Beautiful. No other word can describe the Great Blue Heron who lives at the Willows in Radnor Township. I call it Big Blue.
The photo above was taken a few days ago by my pal Greg Prichard. The photo below was taken by me in the same vicinity two years ago at the same time of year.
If there is any doubt why we need to preserve our environment and open space, just look at this magnificant bird. You don’t see creatures like this in office parks, strip malls, and New Urbanism Fairy Tales of Transit Oriented Development.
This post isn’t about Chester County. It’s actually about something going on in Radnor Township.
It’s about a community garden.
And that’s a good thing.
A few years ago, a group called Greener Partners showed up and asked Radnor if they could farm some public land at the Willows at Skunk Hollow. At the time, I thought this was a mistake, because they were farming the land for their pricey subscription CSA – their shares were around $700 – $800 per family if memory serves.
I had tried them on for size with friends one of the first years they existed and the share was $500 for the season. And we spent most of the season NOT getting the produce that was on our produce list. I mean I like Bok Choy and all, but when I got a list saying I was getting specific veggies and I would get 3 giant heads of Bok Choy instead, it got old fast.
Skunk Hollow at the Willows Summer 2010 (Greener Partners on site)
Greener Partners, was able to use 2 acres of land at the Willows and to use the Willows Cottage in essence for free or darn close to it. It went under the guise of Saving The Willows Cottage, but for free use of township, therefore public taxpayer owned land for in essence a private enterprise kind of smelled. I thought it should be at least in part a community garden where people could have shares. Instead it was an odd kind of arrangement, complete with housing their farmer close by. Yes, their farmer. And all the farmer did was complain. Was the farmer really a slacker? Not sure, but under his farmitude, the Skunk Hollow Farm was a weed pit (see photo I took in 2010 at right – those weren’t veggies, those were weeds.)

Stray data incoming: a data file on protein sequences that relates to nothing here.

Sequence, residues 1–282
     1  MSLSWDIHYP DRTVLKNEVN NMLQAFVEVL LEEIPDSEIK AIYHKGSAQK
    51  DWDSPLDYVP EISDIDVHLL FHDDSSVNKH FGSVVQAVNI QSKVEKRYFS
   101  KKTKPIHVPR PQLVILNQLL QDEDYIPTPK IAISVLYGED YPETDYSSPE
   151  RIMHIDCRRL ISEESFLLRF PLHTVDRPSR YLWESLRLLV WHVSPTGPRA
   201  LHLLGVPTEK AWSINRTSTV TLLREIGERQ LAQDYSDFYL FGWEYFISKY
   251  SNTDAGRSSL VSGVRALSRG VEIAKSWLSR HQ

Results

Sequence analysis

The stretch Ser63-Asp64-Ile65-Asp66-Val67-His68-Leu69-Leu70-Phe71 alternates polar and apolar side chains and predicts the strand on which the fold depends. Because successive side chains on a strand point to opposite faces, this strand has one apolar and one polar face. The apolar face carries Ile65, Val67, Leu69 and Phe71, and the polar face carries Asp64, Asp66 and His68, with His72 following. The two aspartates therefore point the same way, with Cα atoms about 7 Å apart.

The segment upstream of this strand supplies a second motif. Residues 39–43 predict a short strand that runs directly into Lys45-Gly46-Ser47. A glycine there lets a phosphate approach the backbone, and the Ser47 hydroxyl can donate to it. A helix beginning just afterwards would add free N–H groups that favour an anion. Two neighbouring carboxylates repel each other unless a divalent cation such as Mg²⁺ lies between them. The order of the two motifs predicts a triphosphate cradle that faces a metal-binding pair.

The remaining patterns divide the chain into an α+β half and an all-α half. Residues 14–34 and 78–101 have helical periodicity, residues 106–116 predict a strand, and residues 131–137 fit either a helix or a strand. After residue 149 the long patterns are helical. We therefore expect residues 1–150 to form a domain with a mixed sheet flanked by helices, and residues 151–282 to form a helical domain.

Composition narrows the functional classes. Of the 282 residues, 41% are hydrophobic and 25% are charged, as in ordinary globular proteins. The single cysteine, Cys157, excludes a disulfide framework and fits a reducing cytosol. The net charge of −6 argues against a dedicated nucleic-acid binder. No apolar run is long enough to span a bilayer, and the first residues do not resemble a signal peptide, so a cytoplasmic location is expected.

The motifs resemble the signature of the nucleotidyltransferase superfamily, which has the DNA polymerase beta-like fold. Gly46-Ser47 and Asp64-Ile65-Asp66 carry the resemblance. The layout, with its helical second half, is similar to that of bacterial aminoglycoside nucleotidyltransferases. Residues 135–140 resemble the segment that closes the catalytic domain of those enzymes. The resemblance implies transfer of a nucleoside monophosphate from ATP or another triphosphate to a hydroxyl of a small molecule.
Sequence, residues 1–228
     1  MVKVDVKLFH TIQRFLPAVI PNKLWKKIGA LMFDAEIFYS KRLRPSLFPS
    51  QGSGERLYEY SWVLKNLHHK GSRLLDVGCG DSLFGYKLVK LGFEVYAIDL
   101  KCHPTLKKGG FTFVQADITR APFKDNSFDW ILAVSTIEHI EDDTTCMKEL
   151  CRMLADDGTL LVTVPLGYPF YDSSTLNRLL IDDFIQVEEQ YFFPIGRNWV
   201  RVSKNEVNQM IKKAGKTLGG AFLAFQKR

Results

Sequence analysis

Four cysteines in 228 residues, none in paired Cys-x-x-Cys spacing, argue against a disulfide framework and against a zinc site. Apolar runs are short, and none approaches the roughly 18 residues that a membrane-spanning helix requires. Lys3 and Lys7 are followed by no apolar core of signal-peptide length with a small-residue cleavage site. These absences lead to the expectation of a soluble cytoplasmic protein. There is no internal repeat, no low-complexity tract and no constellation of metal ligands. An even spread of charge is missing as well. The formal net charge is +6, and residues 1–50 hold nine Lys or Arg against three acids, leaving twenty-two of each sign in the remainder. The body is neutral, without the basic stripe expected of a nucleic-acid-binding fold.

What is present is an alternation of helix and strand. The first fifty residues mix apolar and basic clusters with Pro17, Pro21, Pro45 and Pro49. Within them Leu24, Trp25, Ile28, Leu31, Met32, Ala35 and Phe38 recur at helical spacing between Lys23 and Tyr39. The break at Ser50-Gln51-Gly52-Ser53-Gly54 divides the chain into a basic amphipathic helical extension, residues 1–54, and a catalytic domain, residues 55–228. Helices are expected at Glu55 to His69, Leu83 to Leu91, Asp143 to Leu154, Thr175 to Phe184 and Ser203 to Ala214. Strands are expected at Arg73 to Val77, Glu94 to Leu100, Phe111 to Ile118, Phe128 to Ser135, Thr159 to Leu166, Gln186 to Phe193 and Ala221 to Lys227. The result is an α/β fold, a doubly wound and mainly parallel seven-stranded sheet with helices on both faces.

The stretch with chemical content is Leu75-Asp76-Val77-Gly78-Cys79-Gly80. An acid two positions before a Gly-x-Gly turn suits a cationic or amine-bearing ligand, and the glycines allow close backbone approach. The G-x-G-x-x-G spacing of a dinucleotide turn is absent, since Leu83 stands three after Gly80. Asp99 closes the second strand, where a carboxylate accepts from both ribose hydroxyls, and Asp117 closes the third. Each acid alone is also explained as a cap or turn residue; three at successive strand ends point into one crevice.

So why am I telling you about these days gone by? To set the stage. Last summer, Skunk Hollow at the Willows was a shambles. Weeds and thistle and all sorts of stuff had invaded the 2 acres left at this point utterly untended save a few pathetic tomato plants. It was amazing the disarray. I mean even if Greener Partners was leaving, they should have in my opinion left the land at least tidy. If you are even a temporary steward of public land, treat it with respect, right?